Once again, it's time for the annual Jimmy Fund benefit show at Harvard University. I always used to proclaim that this show was the best bargain in skating with tickets only $20, but alas, that is true no longer. The "cheap seats" are now $30, but finding myself stuck behind the glass and hockey netting at the end of the rink, I upgraded to the $50 (ouch!) tickets on the sides -- which turned out to be unnecessary anyway, since there were many empty seats. There's a certain population of regulars and die-hard skating fans who will attend no matter how much it costs, but I wonder if they've priced themselves out of the market otherwise now.
Paul Wylie hosted the show again -- I've lost track now of how many years he has done this. This year the show was also being taped for television again after a lapse of a few years; it'll be broadcast on Comcast cable channel CN8 instead of PBS.
At the beginning of the show it was announced that Johnny Weir, Jenny Kirk, and Katie Orscher & Garrett Lucash had all pulled out due to injury, which I thought left the cast a little thin. It didn't help matters that the Skating Club of Boston was having their regionals send-off show earlier the same evening and that Louann Donovan and Scott Smith are at Finlandia Trophy, so we got fewer local skaters than in the past, too.
The days of the elaborate opening and closing numbers seem to be gone, now. In both cases, we just had the skaters coming out and doing a trick at center ice as their names were announced.
I have to apologize if my notes on the skaters are a little sketchy, and/or if I got jump identifications wrong. I was mostly concentrating on photos this time.
Diandra Burke opened the show as first of the local skaters. She's a juvenile-level competitor, and while she had a few falls in her program, she skates with a lot of speed and seems to be a natural performer.
Then there was a group number by members of the Harvard Figure Skating Club, who bopped around the ice in pink tops and black leggings, concluding with a few synchro-type maneuvers. They looked like they were having fun.
Morgan Matthews & Max Zavozin were the first of the featured skaters, doing what I assume is their free dance for the year in black and dark green outfits that didn't photograph well. My primary reaction was, this is supposed to be dance music? And what they're doing is supposed to be dancing? Finally the last section of their program was recognizable as "Riverdance" or "Lord of the Dance" or something like that, and their choreography got vaguely more dance-like.
Kelly Smith was a last-minute addition to the cast, apparently so last-minute that he was not even included on the loose cast list sheet inserted into the program booklet. He has been skating with one of the cruise ship shows since he disappeared from the competitive scene. He performed here to some obnoxious rock music, showed good speed and field moves and some good spins, but wasn't able to do much in the way of jumps.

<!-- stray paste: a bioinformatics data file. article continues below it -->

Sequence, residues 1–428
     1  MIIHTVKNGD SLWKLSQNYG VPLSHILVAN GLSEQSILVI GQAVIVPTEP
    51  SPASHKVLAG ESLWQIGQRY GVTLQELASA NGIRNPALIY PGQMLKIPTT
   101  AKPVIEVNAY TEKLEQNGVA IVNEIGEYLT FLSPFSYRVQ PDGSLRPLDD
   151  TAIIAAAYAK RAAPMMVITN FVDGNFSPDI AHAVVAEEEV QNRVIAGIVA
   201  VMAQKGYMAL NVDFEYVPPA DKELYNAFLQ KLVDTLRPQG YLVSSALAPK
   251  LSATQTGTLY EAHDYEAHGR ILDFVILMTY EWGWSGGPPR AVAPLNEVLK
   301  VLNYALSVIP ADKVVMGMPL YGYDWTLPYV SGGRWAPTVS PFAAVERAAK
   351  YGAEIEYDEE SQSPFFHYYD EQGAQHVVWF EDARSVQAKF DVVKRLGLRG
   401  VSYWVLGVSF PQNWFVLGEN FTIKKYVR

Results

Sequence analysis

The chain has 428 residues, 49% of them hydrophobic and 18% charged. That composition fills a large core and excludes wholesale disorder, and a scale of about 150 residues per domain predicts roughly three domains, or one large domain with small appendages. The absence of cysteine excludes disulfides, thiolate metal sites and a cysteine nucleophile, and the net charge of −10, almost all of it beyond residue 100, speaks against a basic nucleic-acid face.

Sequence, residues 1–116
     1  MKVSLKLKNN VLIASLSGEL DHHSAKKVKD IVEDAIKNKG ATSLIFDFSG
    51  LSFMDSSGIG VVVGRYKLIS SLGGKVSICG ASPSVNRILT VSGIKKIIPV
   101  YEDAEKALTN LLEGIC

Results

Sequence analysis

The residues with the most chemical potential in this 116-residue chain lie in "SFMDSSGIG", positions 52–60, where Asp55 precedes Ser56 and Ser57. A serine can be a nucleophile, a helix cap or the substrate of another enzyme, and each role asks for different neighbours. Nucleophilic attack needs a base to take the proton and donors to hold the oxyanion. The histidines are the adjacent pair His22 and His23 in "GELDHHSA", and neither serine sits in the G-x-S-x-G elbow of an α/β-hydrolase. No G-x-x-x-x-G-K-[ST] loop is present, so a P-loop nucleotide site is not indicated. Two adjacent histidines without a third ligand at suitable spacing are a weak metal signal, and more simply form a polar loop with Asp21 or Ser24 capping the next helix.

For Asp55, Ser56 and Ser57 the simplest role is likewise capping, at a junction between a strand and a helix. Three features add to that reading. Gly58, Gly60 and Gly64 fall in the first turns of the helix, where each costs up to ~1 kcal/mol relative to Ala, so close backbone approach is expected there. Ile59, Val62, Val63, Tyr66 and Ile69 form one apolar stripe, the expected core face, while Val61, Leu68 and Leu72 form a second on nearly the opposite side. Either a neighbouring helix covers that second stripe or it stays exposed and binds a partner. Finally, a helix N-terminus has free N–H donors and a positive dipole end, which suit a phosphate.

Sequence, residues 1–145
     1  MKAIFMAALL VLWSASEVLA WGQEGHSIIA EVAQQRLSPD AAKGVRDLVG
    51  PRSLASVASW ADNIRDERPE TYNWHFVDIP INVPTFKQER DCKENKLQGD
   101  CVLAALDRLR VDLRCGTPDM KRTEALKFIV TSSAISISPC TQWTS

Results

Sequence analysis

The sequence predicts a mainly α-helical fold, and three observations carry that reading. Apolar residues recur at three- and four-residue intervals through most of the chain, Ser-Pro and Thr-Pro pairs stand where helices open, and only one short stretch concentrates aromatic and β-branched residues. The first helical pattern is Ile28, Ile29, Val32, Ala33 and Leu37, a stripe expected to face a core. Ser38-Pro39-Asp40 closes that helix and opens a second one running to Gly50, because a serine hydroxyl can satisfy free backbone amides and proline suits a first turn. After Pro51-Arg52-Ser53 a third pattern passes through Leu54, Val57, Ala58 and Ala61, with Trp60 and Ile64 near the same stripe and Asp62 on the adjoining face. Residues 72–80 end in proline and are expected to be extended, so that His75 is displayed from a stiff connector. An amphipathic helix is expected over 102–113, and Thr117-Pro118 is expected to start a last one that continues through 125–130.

Next Jennifer Don & Jonathon Hunt skated their competitive short program to Rachmaninoff. The double twist was nice, but at least one of them and maybe both doubled the side-by-side toe loops, and the throw triple loop had very little ice coverage and not a particularly secure landing. A bigger problem is that they still really don't have much unison or pair-ness.
Amber Corwin skated to Patsy Cline's "Crazy". I think her jumps were 2t/2t, 2x, and a 3s that she barely held onto. It was a nice program, though.
Ludmila and Oleg Protopopov continued their long-standing run of appearances at this show. In past years I have thought that the audience sometimes did not know who they were or appreciate their accomplishments, but this time they were greeted very warmly by the audience. They celebrated their 50th year of skating together with a performance to "When I Fall in Love" sung by Nat King Cole, very sweet. They no longer skate with much speed (which is doubtless why I was able to get so many good photos of them!) but they still do most of the same tricks they've had for the past several years, including a few small lifts and a couple death spirals. They followed this up with an encore to a short Russian piano piece. Finally, Paul Wylie presented them with bouquets of roses. Ludmila looks as glamorous as ever and Oleg is a hoot, always the last one to leave the ice and obviously enjoying every minute of the experience. BTW, this is my favorite photo of the whole evening.
After intermission, we were treated to speeches by the original founders of the show, John Powers and John Misha Petkevich, as well as Tenley Albright. They all said good things about cancer research and thanked the skaters and the community for supporting the show and the Jimmy Fund over the years.